Happy Events Will Take Place Shortly in Your Home


Barney Lefkowitz takes one look at his bill, pounds his fist on the counter, and promptly keels over from a massive coronary. Screw him. I never liked him anyway. Let's talk about his brother Harry instead.

Harry Lefkowitz has a little pug dog that his wife, Myrna, has fed until now it's as round as a basketball and can't walk right even on a level sidewalk. In addition, his daughter Alex recently took up with a longhaired guitarist from Bay Ridge and can't be trusted anyway, not by a long shot. Only the other day she took the money Harry gave her for lottery tickets and spent it instead on penny stocks, which she said were a better investment in today's economy. "What does she know about today's economy?" he says to himself, and spits.

For her part, Alex thinks her father is as dumb as a stone, and now that I think about it, so do I. So let's talk about Alex.

She's eighteen, with large dark eyes and a Maori-style tattoo around the upper part of her right arm. She got it with her boyfriend Marty, before she left him for Ed, who she thinks is cuter anyway. In point of fact, Ed and Alex look so much alike that I'd be tempted to weave a long story involving separation at birth, and black market babies, and the amazing quirk of fate that brought them back together again after so many long years. I'd be tempted, only I have to go to the market at 6:30 and don't want this story to go on too long anyway, so let's just say they look a lot alike.

Ed is nineteen, and took up guitar five years ago when he realized it's a good way to meet girls. His father, Frank, complains constantly about his practicing, and with good reason: Ed is a terrible guitar player. He has no talent for it, but still plays loud enough to make the earth shake. It's shameful. If I were Frank, and it was my son, I'd have taken the thing away from him years ago and maybe sold him to the gypsies to boot. He looks like one anyway, with that hair.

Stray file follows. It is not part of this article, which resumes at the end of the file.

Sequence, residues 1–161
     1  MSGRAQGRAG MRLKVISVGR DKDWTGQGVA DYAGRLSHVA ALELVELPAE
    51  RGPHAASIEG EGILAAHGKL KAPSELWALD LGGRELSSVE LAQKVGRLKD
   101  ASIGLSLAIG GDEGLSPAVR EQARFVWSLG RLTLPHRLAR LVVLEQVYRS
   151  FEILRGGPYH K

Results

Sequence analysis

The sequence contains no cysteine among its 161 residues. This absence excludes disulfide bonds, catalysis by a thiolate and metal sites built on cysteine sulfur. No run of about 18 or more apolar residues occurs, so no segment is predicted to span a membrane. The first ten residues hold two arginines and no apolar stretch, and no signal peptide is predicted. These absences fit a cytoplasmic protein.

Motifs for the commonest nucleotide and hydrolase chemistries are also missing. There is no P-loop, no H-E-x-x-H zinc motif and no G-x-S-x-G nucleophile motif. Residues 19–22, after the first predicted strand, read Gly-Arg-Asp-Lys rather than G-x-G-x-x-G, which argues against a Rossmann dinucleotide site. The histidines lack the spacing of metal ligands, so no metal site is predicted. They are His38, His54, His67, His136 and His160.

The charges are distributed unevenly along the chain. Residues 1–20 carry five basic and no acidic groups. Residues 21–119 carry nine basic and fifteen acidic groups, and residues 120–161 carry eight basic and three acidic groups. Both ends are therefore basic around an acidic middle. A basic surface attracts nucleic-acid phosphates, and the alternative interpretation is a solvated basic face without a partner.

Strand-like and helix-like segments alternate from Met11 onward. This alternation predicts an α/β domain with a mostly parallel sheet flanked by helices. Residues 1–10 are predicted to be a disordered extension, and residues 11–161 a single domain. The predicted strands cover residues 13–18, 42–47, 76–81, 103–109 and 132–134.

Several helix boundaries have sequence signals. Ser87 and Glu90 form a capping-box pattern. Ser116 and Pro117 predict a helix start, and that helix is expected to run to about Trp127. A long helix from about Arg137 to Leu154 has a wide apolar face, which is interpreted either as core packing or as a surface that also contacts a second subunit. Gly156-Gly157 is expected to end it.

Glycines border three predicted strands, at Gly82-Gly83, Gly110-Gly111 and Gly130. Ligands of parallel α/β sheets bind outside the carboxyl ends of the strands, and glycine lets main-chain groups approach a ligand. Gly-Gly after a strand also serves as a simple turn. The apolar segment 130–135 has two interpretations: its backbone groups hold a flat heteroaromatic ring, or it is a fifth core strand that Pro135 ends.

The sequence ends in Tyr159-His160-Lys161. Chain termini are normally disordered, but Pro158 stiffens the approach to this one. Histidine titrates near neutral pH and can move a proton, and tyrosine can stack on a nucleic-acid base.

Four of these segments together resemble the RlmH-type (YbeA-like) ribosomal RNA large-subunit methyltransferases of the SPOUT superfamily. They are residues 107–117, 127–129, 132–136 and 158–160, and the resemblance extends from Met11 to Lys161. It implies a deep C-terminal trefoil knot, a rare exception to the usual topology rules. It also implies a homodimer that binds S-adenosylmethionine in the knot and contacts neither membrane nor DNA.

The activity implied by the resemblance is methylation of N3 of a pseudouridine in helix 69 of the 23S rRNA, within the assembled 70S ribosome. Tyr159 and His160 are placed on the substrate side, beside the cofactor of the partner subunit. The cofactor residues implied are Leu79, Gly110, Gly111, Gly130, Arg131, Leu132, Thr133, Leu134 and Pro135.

"Hey," Frank says, "that's my son you're talking about. I can complain, I'm his father, but who are you to talk? It's not like you can do any better. And anyway, he's got a nice girl now who's straightening him out. She's studying to be a stockbroker."

Now, I'm not one to tell people what they should and shouldn't do — well, no, that's not right; I am. I admit it. But that's because I'm the narrator, and can do what I want.

"Frank," I say, "Go piss up a rope."

And he does.

But that still leaves Alex, who as I say is very attractive, and I'm tempted to just end the story right here and ask her to have a drink with me, but I have to draw the line somewhere, so I'll just go have one on my own.

My favorite bar is a dark old place called Mallone's, frequented by notorious low-lifes and a regular contingent of boozy old women. This time, when I walk in, the first thing I see is Barney Lefkowitz, who's lying on the floor clutching his chest, and since that's where we came in, and since I have my shopping to do anyway, let's just leave it at that.

Matt Hannafin